I recently saw an independent study that said there were 4,900 woodworking manufacturers in the United States. 4,900! Talk about competition. The study continued to say that about 85% of the business is done by only 5% of the industry! How crazy is that? This screams that there is a major lack of leadership in this industry and the word “floundering” suddenly comes to mind.
Think of this industry as your organization. You have 4,900 employees and only about 250 of them are producing any results. Yikes! As a member of the woodworking industry, I have a problem with this. I see a lack of leadership in our industry that has allowed us to be at the bottom rung of innovation among most industries, and that needs to change. I’ve pointed out four factors I see as reasons the industry is behind and how you can avoid this in your industry, and your organization.
Low Barrier to Entry
A low barrier to entry has enabled anyone with a garage to get into the woodworking industry. The garage start-ups typically stay that way for years and years so they rarely follow industry trends, regulations, or get involved in any sort of innovation. Keep the standards in your organization high, don’t just let anyone in. Doing so will reinforce a culture of excellence and will also keep the bad seeds out. People will be begging to be let in!
The tech industry has the iPad, the auto industry has hybrid cars, and the retail industry has it all. Who can name the latest innovative breakthrough in wood? I’m not even sure I can! Barriers to entry are low because there is little innovation, because barriers to entry are low… (That’s no typo). Make sure that you have innovative culture within your organization. Challenge your people to innovate in everything they do from product design, to accounting. Push for better ways to do everything, all the time. This mindset can be solidified with a powerful mission or value statement. At Advanced Cabinet Systems we did a play on words with the UK propaganda statement from WW2, Keep Calm and Carry On. Our posters say “Keep Calm and Change the Game”. We introduced this with a long story about how in order to move ahead we needed to “change the game”. These posters are everywhere in our offices and factory. A common decision making question in our organization is “Will this change the game?”
Failure to Engage
The wood industry has not done well at engaging outsiders. If you aren’t in the industry it’s very likely that you’ve never heard of Advanced Cabinet Systems or any of our competitors. It is very hard to get buy in when you haven’t engaged the people you’re trying to reach. It’ll never happen. You must keep an engaging atmosphere that people want to be a part of. It’s hard to engage people these days but there are some absolutely spectacular HR people out there who would be happy to help. I believe that an HR person is as important, if not more important, than your CFO. Keeping your people happy and engaged is something that needs to be cherished and watched as closely as the numbers.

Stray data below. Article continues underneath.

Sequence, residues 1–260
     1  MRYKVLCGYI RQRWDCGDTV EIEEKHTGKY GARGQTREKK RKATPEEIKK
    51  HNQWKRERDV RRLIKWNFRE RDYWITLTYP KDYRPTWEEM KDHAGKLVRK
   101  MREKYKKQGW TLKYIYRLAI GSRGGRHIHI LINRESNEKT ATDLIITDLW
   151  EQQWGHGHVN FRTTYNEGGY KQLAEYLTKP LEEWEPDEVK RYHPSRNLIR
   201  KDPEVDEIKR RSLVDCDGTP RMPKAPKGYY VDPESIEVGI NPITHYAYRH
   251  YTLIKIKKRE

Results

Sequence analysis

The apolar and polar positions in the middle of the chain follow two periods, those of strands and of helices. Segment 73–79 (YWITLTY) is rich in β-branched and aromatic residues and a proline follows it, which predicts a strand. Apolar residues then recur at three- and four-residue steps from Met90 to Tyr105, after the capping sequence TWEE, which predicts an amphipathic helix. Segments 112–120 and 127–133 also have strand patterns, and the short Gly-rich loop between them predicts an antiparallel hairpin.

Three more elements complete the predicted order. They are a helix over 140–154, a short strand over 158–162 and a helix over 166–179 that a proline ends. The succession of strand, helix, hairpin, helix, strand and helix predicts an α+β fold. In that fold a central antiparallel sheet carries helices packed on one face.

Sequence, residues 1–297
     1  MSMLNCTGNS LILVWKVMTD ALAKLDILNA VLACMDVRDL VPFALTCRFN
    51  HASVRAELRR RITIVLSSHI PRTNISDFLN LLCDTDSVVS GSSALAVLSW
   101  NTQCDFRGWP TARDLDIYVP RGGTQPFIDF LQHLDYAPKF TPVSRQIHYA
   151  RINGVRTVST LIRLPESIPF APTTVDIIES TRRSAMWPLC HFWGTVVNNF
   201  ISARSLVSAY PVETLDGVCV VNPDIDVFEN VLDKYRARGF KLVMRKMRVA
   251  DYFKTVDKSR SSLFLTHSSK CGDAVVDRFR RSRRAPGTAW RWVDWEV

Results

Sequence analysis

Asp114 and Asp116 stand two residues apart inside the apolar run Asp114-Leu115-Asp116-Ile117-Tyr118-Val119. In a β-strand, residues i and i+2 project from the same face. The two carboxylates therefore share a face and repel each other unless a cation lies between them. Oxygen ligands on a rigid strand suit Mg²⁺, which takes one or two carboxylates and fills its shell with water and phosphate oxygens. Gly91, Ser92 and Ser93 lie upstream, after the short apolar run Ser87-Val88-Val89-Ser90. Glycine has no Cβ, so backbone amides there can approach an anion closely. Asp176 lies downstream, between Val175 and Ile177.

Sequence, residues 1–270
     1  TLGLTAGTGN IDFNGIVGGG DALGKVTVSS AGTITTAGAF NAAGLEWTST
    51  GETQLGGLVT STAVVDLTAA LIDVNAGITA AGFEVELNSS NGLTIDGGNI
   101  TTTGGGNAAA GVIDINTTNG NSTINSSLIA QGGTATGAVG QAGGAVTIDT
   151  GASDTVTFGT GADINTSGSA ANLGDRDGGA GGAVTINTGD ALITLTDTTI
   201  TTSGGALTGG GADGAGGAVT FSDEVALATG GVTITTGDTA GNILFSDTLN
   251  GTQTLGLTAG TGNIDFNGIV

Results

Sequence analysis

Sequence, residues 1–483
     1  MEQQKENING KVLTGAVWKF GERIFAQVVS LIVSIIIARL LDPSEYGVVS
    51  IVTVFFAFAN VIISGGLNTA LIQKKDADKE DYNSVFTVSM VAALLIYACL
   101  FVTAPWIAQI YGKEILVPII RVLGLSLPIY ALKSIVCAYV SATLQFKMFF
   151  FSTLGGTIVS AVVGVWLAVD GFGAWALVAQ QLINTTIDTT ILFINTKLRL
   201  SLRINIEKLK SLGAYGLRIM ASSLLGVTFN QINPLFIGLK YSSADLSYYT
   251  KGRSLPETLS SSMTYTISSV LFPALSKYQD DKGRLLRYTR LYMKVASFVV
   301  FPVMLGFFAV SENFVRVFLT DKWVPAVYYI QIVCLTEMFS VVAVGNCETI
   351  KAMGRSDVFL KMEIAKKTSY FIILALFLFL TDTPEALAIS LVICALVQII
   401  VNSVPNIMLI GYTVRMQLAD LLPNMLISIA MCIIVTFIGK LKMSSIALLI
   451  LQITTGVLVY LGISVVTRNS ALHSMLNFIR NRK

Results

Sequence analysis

“I’ll do it myself” Mentality
Because so many woodworkers start out in their garage doing everything themselves, it’s hard to let things go. If you want to lead an organization, or an industry, you must empower others to reach beyond their expected potential. You can’t do it all yourself, and you shouldn’t. It seems so common nowadays to say something like “I just hire good people and get out of their way.” Well yes, that’s what you should do, but that’s just the beginning. It’s more than just getting of their way, it’s empowering them. A culture of empowered people is unstoppable. A leader must not create followers, but more leaders and that can be done by letting others have ownership and take more responsibility. Empowering people is challenging, you must be willing to let someone fail but know that it will be a major learning experience for that person. As Mitt Romney famously quoted “Corporations are people” well…yes. Corporations are made up of people, and without those people you don’t have much.
So, corporate titans and industry influencers, let’s empower our people and challenge them to keep pushing our industries and organizations forward. Don’t try to do it all on your own, you need to harness the drive of the people you surround yourself with. And you know what? People want to be challenged and want to make a difference and if they don’t, send them to your competition.
We need to build great companies that provide superior products that can ratchet up our species to make this a better world. That’s our job. Let’s work together, utilize the synergies between our companies and drive our industries forward.
Philip Bowers, 26, is Vice President of Business Development for Advanced Cabinet Systems, an architectural casework and retail store fixture manufacturer based in Marion, Indiana. Phil is also the founder of Outback Storage, a Marion, Indiana based personal self storage business. Find him on Twitter @ryaPhillinme, or check out some of his other blogs at www.woodworkingnetwork.com.Suscribe to the podcast